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What is Vertical Farming?

Vertical farms have been gaining increased attention over the past 6 months in the UK especially with major industry moves to incorporate systems into Ocado and M&S. But what is Vertical Farming and how does it work?


Vertical Farming

Vertical farming is a version of Control Environment Agriculture (CEA), check out our previous blog post. It is the process of growing plants (mainly) in a manner where the space is optimised vertically. This means that more than one plant can be grown on the same square foot (or metre) of land space. There are two main types of vertical farming systems in general use around the world;


1) crops grown on vertical surfaces creating a wall of plants which are then placed side by side filling the available space. The crops are lit from the sides.


2) crops grown on horizontal systems such as those in the Hydrogarden V-Farm system and lit from above the plants.


Each method has its own merits and uses and companies should thoroughly review these before committing to a particular growing system.


Location and Resources

Whilst vertical farms can be located in green houses, they are more generally developed with their own environmental control and artificial lighting for each stack or level. What this means is that vertical farms are generally totally indoors and the products that are produced, are grown under completely controlled environmental conditions CEA.


When developing vertical growing systems it is difficult to utilise sunlight alone as the light will be shaded by the levels of the racking or the vertical arrangement of the racking, as shown above. Therefore the light source of choice for vertical farming plant growth would not be the sun but specifically tuned LEDs. These are highly energy efficient sources of light producing only the light that is needed for the plant.


LEDs are used because they do not radiate heat in the way a normal incandescent light bulb would, and therefore can be brought close to the top of the plant without fear of overheating the plant. This allows for the levels to be brought further together and thus to increase the lacking density of the plants to produce more plants per unit area.


Of course having only artificial lighting will increase the energy costs but this can be offset by using green energy (such as solar or wind energy) sources. Also, because sunlight is no longer present the heating and cooling needs are reduced. Particular attention to the costs of energy versus the land rental costs need to be made to ensure that the vertical farming model is going to be cost effective for the location and crop types that you are seeking to grow.


The amount of water used to water the plants, the amount of nutrients delivered to the plants and even the temperature of the room are all aspects that are completely controlled in CEA vertical farming systems. By allowing the environment to be totally controlled plants can be grown under their optimal environment conditions and so will grow well even indoors.


In fact, the use of CEA can lead to optimisation of the growing processes that produce yields and nutrition levels in the plant which far exceed those able to be grown outdoors. The control of the environment also reduces water evaporation and leads to a water use which is at least 90% less than traditional farming systems.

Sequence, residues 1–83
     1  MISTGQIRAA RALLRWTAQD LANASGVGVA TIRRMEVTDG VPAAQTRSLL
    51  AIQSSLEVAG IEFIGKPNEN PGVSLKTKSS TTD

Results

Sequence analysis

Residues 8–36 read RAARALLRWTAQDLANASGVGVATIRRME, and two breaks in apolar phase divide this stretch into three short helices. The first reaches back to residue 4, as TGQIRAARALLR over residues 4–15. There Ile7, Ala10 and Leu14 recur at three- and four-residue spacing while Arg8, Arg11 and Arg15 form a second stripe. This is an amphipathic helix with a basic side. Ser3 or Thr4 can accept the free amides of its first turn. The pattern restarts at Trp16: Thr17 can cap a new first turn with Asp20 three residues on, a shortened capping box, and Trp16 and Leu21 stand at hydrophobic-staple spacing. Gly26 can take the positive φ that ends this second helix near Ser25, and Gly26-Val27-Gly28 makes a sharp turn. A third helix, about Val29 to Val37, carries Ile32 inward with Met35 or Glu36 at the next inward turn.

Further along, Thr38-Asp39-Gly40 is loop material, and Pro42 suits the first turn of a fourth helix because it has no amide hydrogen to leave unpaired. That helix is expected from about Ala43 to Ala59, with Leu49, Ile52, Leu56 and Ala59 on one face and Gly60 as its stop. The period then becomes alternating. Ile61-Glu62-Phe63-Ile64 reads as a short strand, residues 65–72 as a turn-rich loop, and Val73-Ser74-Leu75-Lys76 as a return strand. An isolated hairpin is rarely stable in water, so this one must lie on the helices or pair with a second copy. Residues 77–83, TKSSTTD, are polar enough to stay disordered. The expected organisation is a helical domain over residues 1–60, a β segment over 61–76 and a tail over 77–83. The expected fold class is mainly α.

Since growing can be accomplished completely indoor then the location of the "farm" can be virtually anywhere - even in outer space where NASA is already doing essential research. Vertical farms can be located in existing building in towns and cities as well as being used in repurposing existing farm buildings or in megafarms.


How Does It Work?

When growing indoors the normal patterns of day/nights and the seasons of the year are not present and either have to be artificially created or avoided depending on the type of crop. The controlled environment allows for the use of different ways in which the roots of the plant can be fed i.e. soil is not the only choice and other substrates or no substrates can be chosen when using hydroponics or aeroponics systems.


When stacking plants vertically the weight of soil can lead to significant issues and so hydroponic techniques using only water and water based nutrients offer significant advantages. Instead of watering the plants and relying on the soil to absorb the water and irrigate the roots, vertical farming delivers the water/nutrients directly to the roots by means of Hydroponics or Aeroponics processes.


The soil normally performs three key functions holding the plant in place mechanically providing a means to protect the root and providing a means for the roots to be fed with water and the necessary macro and micronutrients for plant healthy growth.


In vertical farming systems the soil is replaced but, of course, the plants still need to be mechanically supported and irrigated - this is where a lot of the specialism of vertical farming methods are differentiate.


Conclusion

Indoor vertical farming under controlled environment agriculture conditions holds a promising place for growing crops in the future. There is still a lot to learn about this emerging industry and some obstacles to overcome but this won’t deter out efforts away from expanding vertical farming into the mainstream consumer markets.


In our next blog we will discuss the various ways in which the irrigation systems can work to ensure that plants grow efficiently and encourage good uptake of nutrients into the plants.